Análisis y evaluación de las oportunidades de flexibilidad de la demanda en consumidores con capacidad de generación fotovoltaicaaplicación a sectores residenciales y comerciales

  1. García Garre, Ana
Supervised by:
  1. Antonio Gabaldón Marín Director

Defence university: Universidad Politécnica de Cartagena

Fecha de defensa: 13 January 2023

  1. Inmaculada Zamora Belver Chair
  2. María del Carmen Ruiz Abellón Secretary
  3. Luis Alfredo Fernández Jiménez Committee member

Type: Thesis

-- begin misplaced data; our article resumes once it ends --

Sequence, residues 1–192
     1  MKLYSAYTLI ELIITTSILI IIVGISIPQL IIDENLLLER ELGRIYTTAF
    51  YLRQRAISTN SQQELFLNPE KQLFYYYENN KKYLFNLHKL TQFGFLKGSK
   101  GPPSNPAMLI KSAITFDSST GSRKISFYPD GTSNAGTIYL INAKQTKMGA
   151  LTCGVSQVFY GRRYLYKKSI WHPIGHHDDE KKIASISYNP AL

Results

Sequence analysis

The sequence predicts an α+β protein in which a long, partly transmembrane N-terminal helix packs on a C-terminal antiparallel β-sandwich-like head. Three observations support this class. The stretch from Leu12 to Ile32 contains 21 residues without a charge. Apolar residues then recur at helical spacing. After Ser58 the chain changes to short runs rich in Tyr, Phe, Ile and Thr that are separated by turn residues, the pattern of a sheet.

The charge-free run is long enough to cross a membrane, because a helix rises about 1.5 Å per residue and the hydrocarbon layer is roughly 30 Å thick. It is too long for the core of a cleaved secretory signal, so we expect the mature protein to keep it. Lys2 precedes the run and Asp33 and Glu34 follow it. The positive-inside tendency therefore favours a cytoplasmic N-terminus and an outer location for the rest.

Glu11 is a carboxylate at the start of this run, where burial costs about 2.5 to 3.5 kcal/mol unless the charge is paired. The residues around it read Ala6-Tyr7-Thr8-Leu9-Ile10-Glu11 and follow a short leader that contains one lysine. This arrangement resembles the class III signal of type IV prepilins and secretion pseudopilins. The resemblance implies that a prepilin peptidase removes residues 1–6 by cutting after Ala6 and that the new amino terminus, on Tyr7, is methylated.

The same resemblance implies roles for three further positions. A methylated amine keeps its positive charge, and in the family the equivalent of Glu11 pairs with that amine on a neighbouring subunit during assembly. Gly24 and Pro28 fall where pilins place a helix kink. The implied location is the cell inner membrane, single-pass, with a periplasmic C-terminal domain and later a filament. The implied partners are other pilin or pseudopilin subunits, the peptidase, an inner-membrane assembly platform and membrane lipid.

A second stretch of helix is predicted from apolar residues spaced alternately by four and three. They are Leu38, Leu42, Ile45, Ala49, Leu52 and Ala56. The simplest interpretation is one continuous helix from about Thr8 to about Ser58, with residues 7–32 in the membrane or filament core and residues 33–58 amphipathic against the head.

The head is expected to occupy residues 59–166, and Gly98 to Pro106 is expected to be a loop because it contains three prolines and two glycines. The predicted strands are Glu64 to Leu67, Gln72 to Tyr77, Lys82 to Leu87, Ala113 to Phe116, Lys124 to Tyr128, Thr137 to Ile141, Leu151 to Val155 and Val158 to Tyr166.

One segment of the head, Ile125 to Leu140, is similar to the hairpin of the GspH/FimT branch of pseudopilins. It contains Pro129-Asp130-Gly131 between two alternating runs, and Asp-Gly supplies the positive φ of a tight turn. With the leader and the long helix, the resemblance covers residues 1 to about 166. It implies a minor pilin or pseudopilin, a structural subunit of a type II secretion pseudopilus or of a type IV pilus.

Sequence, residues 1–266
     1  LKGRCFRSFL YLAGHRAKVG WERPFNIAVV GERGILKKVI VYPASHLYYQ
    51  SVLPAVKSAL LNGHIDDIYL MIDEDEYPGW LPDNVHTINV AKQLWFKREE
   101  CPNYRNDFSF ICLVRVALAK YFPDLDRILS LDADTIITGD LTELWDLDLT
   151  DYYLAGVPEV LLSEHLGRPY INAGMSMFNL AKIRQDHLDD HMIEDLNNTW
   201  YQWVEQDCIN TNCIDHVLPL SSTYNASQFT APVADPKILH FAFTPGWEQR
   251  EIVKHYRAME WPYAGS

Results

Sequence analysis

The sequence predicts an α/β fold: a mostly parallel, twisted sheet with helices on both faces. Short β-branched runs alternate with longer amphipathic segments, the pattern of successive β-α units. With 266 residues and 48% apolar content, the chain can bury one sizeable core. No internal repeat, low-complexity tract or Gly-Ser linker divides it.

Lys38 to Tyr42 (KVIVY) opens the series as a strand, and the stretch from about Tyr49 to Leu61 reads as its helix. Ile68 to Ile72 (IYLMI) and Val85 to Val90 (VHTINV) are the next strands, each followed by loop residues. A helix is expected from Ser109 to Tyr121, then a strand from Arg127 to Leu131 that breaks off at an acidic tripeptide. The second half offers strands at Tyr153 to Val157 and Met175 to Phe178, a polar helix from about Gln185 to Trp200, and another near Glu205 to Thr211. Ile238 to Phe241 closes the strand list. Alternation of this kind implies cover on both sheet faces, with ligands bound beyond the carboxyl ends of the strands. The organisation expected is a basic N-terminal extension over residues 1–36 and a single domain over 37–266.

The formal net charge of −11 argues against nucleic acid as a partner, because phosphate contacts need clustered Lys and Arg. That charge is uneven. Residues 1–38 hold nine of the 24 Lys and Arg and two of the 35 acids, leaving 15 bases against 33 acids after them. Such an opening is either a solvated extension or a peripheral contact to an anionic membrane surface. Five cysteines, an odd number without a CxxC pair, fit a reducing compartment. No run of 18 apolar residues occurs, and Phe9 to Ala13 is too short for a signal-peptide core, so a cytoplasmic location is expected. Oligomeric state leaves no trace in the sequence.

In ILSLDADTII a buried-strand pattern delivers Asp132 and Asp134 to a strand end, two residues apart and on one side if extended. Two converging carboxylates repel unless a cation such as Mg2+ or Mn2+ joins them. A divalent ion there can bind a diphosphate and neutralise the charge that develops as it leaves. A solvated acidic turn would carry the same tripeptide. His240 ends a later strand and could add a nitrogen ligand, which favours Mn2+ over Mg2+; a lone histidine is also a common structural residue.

This doctoral dissertation has been presented in the form of thesis by publication. The development of renewable energy sources to achieve a sustainable scenario in the 2030-2050 horizon has led to an increase in the variability and rigidity of the Electricity Systems. Therefore, the integration of renewables should be related to an increase in the flexibility of the system, both in generation and demand sides. Demand Response policies have traditionally been oriented towards large consumers, but the residential sector should also be included as it accounts for approximately 27% of the total energy consumed in the European Union. The main objective of this Ph.D. is the study and development of new tools for the management of the generation and consumption of the so-called prosumers (consumers who produce their own energy). The target groups are customers in the residential and commercial segments, and some "special" consumers who normally are not participating actively in energy markets. The generation systems studied are photovoltaic, and the use of both direct (batteries, supercapacitors) and indirect (thermal storage systems) has also been considered. The work includes the analysis and integration of tools for the planning, operation, and evaluation of Demand Response by consumers and aggregators, as well as their participation in energy markets. Physically-Based Load Models (PBLM) and Short-Term Load and Generation Forecasting models (STLF) have been developed. For the measurement and verification of Demand Response, Customer Baselines (CBL) have been obtained in order to evaluate and calculate the incentives to be paid by the Energy Markets and the System Operators. Finally, Demand Response models have been applied to the railway electricity system. The installation of energy storage systems to take advantage of the regenerative braking of vehicles and the application of Demand Response policies to hotel loads to improve energy efficiency and demand flexibility in this sector have been evaluated. The results are presented in 5 scientific papers published in indexed journals. All of them demonstrate that Demand Response can improve the flexibility of the electricity system and the energy efficiency of consumers, with benefits at both the individual (users) and collective (electricity system) level. Demand Response can play a key role in the development of future energy systems and markets, but this requires a stable legislative framework, increased investments, greater involvement of all stakeholders, and technology support